This morning Robert Gottliebsen attempts something of a backflip with three million twists after his egregious defence of housing bubble interests late last week that was deconstructed nicely by Delusional Economics.
The Australian newspaper followed up by revealing that the manager of Treasury’s Macro Financial Linkages unit, Phil Garton, believes that if financial deregulation was “reversed significantly” there would be risks to the current level of high house prices. He does not isolate the Greens' proposal but I would suggest that’s exactly what Treasury is referring to. I don’t always agree with Treasury officials, but in this case it is good to have Garton on my side.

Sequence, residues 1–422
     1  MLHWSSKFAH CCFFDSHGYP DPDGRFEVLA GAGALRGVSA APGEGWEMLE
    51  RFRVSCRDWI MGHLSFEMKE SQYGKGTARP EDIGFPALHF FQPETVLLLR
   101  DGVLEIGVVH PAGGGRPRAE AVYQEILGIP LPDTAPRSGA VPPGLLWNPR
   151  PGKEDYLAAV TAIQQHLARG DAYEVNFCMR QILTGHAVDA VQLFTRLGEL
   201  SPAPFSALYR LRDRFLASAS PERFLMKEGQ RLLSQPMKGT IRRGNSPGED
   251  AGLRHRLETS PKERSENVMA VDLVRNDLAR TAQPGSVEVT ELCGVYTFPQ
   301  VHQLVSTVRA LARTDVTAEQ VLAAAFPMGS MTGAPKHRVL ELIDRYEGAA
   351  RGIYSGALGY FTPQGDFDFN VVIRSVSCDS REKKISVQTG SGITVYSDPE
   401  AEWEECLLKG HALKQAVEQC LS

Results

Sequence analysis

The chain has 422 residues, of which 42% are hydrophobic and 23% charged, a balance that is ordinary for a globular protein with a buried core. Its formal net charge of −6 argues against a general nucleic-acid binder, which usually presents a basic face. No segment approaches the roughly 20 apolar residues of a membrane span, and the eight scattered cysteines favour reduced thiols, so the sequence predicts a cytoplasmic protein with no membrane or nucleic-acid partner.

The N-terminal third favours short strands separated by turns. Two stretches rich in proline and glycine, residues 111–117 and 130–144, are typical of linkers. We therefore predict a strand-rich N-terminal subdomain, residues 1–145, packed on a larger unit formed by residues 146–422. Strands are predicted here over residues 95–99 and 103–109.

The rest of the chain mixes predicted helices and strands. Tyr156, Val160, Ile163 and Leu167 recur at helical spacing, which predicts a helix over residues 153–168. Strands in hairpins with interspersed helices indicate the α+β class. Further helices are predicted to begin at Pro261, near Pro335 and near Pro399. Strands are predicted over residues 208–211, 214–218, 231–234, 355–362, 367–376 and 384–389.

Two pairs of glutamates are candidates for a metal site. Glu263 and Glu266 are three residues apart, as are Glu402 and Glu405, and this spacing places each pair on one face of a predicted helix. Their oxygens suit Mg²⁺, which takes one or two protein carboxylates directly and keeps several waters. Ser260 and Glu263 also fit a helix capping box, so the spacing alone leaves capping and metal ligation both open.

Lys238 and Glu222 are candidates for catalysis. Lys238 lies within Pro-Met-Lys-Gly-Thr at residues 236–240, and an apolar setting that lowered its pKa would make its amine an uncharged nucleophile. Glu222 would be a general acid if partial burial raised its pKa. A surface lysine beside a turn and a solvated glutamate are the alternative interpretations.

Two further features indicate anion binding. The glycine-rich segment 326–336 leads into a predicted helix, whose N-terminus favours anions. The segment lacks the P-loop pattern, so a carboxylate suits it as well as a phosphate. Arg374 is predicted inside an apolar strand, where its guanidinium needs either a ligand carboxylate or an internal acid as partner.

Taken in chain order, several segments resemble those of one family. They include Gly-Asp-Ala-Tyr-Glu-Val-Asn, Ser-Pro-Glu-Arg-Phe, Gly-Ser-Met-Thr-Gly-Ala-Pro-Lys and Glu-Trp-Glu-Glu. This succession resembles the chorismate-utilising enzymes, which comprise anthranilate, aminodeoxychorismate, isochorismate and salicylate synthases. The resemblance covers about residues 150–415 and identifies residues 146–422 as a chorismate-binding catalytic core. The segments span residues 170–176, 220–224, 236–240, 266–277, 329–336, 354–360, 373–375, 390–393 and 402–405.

Only problem is, The Australian makes clear the Garton comments were part of preparation of the Red Book for the incoming government, long before the current bank debate and the Greens' push for regulated interest rates:
Documents obtained by The Weekend Australian under Freedom of Information laws show the Treasury officials preparing the so-called Red Book of briefs for the incoming government were as divided as private sector economists about the strength of the property market.
Phil Garton, the manager of Treasury's Macro Financial Linkages Unit, sent colleagues a draft paper on the rise in household debt, prospects for further growth in the debt-to-income ratio and the potential implications of slower household debt growth.